The little Bond-ian traits already established such as the baccarat playing, eating food that's handy (after a fight or prowl), and even his less desireable trait of slapping a woman if he needs to be "persuasive".  There's a lot of Bond still left here, despite the change in face.
  As the film starts, he's been on the hunt for Blofeld for 2 yrs with no results.   He quits petulantly when taken off the case, but Moneypenny changes his memo to 2 weeks leave, to the relief of all involved.
  His title of "Commander" is emphasized, moreso than seemingly ever before before, as well when Bond meets Sir Hilary Bray, the genealogist he's to portray, he learns a little of his own background, including his ancestor Thomas Bond's  coat of arms baring the mantra "The World is Not Enough".
  More care is put into his cover as the genealogist, and into showing Bond's capability of committing to a role in the face much distraction, a facet of Bond that Connery never really even tried to pull off.  In this case Lazenby puts together a great Clark Kent routine.  It's too bad  Lazenby quit the role, I think he could have owned it his own way, much like Craig does now.

Movie:   I have a weakness for films with snowy settings.  I don't know why.  As a kid I always thought the Hoth sequence in Empire Strikes Back was the epitome of cool.  Perhaps it was growing up in a climate covered in snow for at least half the year, it's familiar.  This film, with its key sets and action sequences set in the Swiss Alps, just sings to me.  I love Blofeld's mountain-top compound and the escape sequence of Bond being trapped in the gear room of the cable car lift is an utterly fantastic moment of derring do and danger.  The slalem chases, both of them, are still amazing to watch, and one leads to "grisliest death in a Bond movie" contender #1: Snowplow.  I had forgotten just how heartbreaking the ending is, and it's an absolutely devastating thing of beauty, despite the almost silly shot of Blofeld, Bundt and henchmen seemingly joyriding in a car together.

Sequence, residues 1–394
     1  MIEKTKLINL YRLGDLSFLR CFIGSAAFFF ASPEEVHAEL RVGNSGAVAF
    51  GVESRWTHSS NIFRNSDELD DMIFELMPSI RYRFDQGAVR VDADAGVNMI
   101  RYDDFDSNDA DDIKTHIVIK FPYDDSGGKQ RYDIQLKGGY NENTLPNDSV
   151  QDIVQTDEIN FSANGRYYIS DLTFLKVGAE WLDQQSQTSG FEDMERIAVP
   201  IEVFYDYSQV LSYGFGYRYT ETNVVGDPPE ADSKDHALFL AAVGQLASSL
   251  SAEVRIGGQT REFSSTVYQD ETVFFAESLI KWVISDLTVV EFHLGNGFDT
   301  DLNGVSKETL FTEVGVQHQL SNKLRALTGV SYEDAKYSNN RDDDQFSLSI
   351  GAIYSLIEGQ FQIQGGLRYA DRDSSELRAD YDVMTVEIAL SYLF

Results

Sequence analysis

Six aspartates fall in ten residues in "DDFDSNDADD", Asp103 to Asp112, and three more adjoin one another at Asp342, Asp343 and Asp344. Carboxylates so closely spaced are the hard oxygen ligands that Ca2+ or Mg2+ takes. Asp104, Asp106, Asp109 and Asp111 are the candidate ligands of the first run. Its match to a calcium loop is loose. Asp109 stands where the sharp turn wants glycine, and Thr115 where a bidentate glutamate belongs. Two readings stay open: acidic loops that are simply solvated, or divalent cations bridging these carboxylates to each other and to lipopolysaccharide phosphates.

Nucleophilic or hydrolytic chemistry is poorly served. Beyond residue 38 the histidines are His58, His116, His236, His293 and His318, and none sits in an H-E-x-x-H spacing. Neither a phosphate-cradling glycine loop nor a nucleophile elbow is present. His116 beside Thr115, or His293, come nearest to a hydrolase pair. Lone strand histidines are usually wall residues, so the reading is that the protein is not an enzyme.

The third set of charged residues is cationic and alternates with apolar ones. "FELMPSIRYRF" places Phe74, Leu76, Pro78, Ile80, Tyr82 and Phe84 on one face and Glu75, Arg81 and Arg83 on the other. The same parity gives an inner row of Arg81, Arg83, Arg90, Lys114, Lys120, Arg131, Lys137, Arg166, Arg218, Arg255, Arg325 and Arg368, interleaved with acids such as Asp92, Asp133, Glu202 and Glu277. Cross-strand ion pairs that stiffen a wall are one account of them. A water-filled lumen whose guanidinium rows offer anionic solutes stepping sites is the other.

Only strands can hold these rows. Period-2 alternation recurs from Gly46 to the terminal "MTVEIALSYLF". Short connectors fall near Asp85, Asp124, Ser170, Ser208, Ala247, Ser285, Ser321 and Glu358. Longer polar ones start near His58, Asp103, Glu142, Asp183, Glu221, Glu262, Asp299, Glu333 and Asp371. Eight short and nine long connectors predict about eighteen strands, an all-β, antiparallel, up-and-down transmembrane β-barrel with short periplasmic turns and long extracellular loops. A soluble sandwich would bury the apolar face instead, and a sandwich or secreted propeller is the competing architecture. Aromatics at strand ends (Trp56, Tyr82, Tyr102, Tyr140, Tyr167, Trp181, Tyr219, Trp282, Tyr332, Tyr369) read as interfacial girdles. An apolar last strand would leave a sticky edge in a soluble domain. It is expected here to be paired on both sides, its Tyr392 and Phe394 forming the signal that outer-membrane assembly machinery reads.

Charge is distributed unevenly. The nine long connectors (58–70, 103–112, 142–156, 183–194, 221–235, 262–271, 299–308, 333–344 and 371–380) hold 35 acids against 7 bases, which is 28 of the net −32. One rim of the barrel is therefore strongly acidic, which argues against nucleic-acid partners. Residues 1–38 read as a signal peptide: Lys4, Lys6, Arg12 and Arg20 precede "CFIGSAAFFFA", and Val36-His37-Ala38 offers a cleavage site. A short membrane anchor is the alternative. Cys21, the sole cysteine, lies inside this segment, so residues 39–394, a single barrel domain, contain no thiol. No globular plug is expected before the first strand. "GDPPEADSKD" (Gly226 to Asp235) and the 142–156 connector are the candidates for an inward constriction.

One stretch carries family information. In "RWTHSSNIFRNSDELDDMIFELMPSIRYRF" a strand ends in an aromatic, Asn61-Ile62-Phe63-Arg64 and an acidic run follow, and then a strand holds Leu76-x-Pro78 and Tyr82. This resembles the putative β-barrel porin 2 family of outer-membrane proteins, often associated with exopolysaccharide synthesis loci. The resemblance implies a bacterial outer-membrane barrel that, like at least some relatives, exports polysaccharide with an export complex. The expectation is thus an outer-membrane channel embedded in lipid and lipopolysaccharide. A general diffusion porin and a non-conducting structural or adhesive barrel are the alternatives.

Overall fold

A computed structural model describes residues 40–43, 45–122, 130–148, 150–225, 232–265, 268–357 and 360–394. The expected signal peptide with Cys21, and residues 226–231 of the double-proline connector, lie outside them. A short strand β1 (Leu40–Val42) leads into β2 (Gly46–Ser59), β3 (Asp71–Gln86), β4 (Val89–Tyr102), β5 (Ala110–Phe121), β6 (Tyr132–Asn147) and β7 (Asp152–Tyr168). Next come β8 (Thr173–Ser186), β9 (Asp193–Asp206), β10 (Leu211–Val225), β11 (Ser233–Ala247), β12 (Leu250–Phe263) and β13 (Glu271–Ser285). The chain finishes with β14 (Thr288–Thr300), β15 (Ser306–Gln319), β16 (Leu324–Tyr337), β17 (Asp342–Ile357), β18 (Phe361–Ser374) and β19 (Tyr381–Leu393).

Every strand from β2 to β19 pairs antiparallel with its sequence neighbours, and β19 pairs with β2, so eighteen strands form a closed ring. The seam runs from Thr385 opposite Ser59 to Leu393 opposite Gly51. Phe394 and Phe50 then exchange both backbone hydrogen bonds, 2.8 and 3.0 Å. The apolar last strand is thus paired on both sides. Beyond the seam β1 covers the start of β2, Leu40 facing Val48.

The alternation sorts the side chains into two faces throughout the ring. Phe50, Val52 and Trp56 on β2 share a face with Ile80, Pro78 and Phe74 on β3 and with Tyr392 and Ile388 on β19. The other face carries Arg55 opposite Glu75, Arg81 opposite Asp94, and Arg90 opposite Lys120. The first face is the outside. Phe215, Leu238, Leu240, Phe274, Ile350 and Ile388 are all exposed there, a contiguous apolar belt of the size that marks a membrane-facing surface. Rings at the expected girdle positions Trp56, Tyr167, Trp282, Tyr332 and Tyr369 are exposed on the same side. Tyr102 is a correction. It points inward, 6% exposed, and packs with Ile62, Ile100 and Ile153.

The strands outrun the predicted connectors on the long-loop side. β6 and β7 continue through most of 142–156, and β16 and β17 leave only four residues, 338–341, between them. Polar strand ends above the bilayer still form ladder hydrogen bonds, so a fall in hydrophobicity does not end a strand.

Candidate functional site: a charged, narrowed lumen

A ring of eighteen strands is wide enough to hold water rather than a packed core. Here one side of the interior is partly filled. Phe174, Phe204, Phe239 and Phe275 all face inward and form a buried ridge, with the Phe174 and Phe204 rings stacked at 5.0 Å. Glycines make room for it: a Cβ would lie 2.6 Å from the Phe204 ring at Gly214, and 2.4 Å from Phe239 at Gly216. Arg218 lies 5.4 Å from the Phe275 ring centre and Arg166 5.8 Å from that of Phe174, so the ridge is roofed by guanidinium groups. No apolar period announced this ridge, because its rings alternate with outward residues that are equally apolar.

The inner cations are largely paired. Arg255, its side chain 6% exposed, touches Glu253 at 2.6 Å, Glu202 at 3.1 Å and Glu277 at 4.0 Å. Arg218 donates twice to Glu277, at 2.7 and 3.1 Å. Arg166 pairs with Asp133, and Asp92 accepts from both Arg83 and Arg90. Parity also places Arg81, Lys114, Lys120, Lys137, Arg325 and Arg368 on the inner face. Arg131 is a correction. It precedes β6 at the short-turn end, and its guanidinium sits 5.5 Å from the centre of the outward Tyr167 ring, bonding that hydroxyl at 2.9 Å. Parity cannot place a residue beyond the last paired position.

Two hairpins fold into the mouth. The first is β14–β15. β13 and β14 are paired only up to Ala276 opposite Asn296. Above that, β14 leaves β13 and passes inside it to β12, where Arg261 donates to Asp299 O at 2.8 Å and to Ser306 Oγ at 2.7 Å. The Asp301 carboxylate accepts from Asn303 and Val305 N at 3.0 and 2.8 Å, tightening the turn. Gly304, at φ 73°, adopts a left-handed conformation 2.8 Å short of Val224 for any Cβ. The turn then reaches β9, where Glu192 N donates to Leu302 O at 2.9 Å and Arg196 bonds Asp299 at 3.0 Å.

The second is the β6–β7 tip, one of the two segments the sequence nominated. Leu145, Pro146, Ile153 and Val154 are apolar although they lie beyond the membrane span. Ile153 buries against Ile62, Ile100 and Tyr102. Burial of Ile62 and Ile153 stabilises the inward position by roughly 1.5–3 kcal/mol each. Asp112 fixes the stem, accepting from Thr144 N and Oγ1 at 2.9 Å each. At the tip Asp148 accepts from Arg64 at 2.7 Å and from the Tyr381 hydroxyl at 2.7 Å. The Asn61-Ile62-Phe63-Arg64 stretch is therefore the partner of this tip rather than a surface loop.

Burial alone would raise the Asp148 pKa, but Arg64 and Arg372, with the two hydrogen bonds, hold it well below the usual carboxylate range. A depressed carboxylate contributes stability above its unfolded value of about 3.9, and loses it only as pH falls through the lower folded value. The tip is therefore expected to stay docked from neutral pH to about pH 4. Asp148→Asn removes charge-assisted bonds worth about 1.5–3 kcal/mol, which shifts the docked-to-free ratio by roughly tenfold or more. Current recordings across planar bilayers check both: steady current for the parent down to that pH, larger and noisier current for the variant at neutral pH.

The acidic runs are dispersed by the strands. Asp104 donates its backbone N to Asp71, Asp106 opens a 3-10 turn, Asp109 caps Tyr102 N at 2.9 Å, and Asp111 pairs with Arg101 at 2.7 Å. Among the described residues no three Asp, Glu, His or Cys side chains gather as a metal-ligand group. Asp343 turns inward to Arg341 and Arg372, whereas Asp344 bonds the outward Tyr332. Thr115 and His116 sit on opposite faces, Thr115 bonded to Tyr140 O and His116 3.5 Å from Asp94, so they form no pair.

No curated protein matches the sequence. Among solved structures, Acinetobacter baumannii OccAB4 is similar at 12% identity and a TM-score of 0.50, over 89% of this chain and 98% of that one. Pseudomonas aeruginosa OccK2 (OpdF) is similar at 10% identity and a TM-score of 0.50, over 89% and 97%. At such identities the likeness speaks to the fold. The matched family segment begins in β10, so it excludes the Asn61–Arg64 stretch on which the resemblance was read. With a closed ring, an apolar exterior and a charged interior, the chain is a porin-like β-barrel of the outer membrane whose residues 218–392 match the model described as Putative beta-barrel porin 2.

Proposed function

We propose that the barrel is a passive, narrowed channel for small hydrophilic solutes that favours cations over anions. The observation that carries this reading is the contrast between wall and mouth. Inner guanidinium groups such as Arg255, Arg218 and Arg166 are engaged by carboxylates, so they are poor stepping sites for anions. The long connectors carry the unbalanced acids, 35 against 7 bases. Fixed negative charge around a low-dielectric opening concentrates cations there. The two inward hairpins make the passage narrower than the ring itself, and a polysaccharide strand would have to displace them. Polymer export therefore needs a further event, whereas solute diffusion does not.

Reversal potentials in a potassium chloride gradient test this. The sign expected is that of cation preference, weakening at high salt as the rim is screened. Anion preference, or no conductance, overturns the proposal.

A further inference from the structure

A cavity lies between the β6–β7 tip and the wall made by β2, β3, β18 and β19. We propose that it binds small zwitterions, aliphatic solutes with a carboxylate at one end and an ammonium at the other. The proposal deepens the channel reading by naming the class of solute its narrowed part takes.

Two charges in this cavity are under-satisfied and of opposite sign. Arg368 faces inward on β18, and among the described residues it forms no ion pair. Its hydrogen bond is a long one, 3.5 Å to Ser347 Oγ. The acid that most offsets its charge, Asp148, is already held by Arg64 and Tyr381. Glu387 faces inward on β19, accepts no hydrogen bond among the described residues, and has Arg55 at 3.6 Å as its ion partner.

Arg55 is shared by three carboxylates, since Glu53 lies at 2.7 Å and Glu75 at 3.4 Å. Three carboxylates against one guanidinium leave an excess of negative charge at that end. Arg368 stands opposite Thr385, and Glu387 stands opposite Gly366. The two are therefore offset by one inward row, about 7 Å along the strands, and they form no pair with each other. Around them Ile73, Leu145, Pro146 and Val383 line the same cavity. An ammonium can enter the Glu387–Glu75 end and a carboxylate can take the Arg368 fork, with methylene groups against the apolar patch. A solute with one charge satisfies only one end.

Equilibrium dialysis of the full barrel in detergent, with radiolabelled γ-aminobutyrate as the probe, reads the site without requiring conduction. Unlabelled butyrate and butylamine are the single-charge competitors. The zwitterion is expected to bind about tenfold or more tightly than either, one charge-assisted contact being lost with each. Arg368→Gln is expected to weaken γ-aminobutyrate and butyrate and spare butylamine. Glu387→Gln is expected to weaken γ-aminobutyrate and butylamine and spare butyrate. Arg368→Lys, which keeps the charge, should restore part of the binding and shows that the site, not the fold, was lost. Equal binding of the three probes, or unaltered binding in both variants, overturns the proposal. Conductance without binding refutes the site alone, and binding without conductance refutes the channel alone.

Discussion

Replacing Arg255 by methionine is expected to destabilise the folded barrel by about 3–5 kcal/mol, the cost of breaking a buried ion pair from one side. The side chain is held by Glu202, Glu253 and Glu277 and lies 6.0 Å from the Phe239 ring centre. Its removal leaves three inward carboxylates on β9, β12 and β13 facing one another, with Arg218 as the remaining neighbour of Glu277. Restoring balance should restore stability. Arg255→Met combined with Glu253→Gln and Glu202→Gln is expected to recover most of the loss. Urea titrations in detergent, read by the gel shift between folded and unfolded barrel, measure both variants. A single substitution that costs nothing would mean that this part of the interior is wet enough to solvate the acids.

First-time director Peter Hunt (though he was editor and second line director on previous films) shows some filmmaking chops, nailing the action and fight sequences, even making the often campy back-screen studio inserts work.  Late in the film there's a great shot of Bond looking solemnly out M's window, with the image of Blofeld's men digging Tracy out of the avalanche projected on the window.  There's little arty flourishes like this that show some actual thought put into the filmmaking side of things that seemed largely ignored in previous installments.
  2 things that don't work: the "this never happened to the other fellow" quip that precedes the opening credits and the abrupt tonal shift at the end when the Bond theme queues over Bond cradling Tracy's lifeless body.  Not deal breakers by any means, just bad ideas in concept and execution.

Q gadgets: Radioactive lint, with Q noting miniaturization is the new trend in super-spydom.  However Q and his mini-gadgets don't come into play.  It's like the filmmakers, for a chage, are aware how the Bond tropes they've established are sometimes a hindrance to effective storytelling.

Classification (out of 01.0): 00.9